8 Things Kids Of Divorce Want Parents To Know

Parents going through divorce are constantly on the lookout for expert advice on how to raise healthy, resilient kids.

But hey, the kids themselves just might have the best answers. Below, eight writers share what it was like growing up with divorced parents and the one piece of advice they want to pass on.

failed
“This might be hard to believe especially if you’re newly divorced, but you have notfailed as a parent. Your marriage does not determine your skill as a parent and it shouldn’t change the way you view yourself as a parent. If anything, your ability to remain a good mom or dad throughout the trials and stress of a divorce gives you evenmore credibility as a parent. My mom and dad proved to me that you can still be there for your kids independently. Looking back now, I realize my parents’ divorce led me to become a better, stronger person.” –Jeaiza M. Quinones

worry
“Here’s a little secret: I know very few truly well-adjusted people. We are all a little crazy. Even those who seem painstakingly normal. I have not actually noticed higher rates of neurosis or unhappiness in children of divorce than in children of intact marriages. In fact, I have plenty of friends with married parents who can best my crazy dysfunctional family stories any day of the week. All families have issues and divorce is just one of many. So parents going through divorce: don’t waste time worrying about how divorce will affect your children and instead pour all of that energy into self-control and self-awareness as you raise them. Breathe. If you’re a devoted parent committed to creating stability for your child, your kid will be fine — or at least as fine as everyone else’s.” –Toria Sheffield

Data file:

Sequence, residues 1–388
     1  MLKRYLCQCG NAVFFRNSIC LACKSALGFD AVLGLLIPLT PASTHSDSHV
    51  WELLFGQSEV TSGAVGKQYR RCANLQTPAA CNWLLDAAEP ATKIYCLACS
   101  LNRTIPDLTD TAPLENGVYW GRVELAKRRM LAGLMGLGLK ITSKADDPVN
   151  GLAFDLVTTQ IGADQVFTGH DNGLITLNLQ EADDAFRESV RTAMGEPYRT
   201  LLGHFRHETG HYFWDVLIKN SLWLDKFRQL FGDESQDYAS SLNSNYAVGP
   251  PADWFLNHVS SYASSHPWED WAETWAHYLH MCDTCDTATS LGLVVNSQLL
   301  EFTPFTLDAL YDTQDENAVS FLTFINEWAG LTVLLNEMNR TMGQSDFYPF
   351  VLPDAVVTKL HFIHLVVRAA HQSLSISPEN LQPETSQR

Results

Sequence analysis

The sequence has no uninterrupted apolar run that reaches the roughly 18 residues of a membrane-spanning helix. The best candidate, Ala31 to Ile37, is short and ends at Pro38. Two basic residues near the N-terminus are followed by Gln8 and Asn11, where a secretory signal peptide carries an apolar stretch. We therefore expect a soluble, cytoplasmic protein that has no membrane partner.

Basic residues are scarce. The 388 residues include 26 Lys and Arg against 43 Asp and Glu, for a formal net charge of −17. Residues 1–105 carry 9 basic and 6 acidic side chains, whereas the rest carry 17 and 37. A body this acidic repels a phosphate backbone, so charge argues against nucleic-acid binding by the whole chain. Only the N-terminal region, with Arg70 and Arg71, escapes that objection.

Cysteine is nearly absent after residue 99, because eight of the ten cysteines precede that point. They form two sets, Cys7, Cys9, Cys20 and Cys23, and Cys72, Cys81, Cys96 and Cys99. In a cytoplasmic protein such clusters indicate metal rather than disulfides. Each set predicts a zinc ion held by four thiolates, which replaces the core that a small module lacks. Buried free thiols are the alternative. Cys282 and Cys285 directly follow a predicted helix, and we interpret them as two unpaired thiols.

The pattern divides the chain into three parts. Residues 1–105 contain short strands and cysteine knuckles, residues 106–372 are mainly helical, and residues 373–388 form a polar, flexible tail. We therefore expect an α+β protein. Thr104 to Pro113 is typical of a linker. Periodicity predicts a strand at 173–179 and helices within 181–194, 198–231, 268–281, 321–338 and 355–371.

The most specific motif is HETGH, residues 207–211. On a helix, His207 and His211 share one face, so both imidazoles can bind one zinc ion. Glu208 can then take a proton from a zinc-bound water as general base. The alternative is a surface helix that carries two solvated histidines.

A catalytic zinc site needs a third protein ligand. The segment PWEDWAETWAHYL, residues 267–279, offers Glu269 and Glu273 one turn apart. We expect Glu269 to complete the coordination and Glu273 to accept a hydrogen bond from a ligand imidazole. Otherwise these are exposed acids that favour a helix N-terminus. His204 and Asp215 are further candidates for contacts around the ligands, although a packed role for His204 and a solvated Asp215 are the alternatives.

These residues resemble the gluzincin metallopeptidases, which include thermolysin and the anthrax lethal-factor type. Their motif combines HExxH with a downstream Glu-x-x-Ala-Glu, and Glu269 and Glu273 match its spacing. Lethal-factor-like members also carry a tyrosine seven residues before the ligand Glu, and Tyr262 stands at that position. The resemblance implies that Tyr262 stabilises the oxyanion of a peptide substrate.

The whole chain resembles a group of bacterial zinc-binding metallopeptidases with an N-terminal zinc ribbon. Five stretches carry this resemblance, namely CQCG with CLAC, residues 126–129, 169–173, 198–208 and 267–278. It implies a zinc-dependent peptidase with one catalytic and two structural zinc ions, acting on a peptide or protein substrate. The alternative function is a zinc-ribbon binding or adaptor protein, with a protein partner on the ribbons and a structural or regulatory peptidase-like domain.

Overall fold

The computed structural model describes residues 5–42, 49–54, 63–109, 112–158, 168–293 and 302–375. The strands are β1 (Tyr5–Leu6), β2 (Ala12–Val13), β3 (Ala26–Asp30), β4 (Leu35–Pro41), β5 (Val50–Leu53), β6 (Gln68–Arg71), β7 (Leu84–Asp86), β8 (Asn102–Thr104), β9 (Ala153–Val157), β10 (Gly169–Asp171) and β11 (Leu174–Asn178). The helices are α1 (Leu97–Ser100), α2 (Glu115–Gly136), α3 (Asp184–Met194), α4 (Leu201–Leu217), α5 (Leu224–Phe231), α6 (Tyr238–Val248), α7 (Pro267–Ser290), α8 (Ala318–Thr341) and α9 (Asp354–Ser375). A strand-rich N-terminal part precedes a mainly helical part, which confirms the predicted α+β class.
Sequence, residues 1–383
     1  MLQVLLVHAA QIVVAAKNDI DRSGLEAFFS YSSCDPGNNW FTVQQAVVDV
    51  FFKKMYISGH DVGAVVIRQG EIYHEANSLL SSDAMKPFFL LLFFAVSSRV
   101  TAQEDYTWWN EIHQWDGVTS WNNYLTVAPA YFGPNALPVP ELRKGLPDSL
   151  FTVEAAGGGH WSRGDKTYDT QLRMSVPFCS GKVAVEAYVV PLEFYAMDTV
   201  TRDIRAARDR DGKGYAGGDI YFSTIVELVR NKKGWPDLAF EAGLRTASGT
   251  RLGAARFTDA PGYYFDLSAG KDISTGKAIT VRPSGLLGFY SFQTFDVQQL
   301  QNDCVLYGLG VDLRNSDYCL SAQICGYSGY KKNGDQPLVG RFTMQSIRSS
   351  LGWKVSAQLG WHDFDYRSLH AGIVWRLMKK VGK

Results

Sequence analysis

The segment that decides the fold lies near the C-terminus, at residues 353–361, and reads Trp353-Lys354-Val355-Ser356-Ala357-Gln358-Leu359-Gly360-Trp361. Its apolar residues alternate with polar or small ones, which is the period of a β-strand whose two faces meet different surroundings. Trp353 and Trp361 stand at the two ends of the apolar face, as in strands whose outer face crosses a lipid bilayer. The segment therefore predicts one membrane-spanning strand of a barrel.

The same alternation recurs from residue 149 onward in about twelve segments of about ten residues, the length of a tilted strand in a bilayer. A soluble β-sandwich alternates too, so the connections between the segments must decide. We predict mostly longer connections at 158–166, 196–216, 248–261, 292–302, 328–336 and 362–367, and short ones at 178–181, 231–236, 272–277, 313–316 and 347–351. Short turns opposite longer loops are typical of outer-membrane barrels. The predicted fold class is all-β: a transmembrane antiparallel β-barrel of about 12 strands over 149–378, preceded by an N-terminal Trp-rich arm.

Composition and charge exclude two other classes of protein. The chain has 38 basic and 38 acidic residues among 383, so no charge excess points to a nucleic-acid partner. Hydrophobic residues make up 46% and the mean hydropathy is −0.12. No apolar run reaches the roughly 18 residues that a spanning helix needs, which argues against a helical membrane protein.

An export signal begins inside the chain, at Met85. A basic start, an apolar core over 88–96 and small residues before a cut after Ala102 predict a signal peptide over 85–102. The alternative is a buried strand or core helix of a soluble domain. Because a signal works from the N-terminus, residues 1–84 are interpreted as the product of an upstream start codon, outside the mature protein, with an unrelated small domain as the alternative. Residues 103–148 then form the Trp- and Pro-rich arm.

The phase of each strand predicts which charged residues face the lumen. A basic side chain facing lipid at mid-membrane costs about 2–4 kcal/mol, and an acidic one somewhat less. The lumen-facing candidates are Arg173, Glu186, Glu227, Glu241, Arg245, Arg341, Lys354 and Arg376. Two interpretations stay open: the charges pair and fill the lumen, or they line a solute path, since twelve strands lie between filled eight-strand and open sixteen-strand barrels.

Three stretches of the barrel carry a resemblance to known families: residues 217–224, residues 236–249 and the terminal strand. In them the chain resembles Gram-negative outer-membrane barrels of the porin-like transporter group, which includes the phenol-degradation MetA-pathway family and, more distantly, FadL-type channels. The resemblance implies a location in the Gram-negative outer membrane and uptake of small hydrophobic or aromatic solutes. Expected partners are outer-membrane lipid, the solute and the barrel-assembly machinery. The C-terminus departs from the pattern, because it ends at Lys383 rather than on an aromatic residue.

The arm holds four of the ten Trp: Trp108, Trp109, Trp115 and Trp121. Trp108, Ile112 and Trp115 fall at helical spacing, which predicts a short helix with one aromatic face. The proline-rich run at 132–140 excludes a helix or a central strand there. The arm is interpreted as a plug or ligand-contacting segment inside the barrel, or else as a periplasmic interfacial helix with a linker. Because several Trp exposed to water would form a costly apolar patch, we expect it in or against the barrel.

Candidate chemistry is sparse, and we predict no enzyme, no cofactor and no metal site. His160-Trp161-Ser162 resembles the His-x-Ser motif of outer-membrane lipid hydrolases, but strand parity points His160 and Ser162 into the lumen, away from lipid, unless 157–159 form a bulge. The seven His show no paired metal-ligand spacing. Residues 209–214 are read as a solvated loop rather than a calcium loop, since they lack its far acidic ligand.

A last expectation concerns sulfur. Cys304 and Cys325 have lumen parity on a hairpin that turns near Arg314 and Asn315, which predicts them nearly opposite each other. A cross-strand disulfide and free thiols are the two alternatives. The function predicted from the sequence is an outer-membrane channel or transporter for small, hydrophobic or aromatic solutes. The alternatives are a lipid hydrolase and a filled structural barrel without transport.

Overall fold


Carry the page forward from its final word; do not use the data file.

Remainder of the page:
2
“My advice is simple: Keep harsh words and sour thoughts entirely between the adults. Your kids are little sponges, soaking up the energy you put out. Their grown hearts will be full of the things they hear as children. And their future will be shaped by the decisions you make. You’ve lost a marriage, not yourself. When the dust settles and you feel strong enough, set off to accomplish any dreams that you’ve put on hold. My mother registered for college, completed two degrees, and launched a new career. Her actions taught me that even in the hardest times, we should reach into ourselves, find strength and continue living the best life possible.” –Mary Katherine Backstrom

fight
“After divorce, a relationship with your kids is precious. But you need to put in work and be there for them. My parents split when I was four. When my mother remarried two years later, her new husband adopted my brothers and me. My birth father had to relinquish his parental rights, and I saw him only three times after that. I watched my friends interact with their fathers as if I were visiting a roped-off section of a museum. I wished my dad had fought for time with me. I needed him. Marriage is a rope, some are strong, some break. Kids, like diamonds, last forever. With strong influence from both parents, your kids will absolutely sparkle.” –Greg White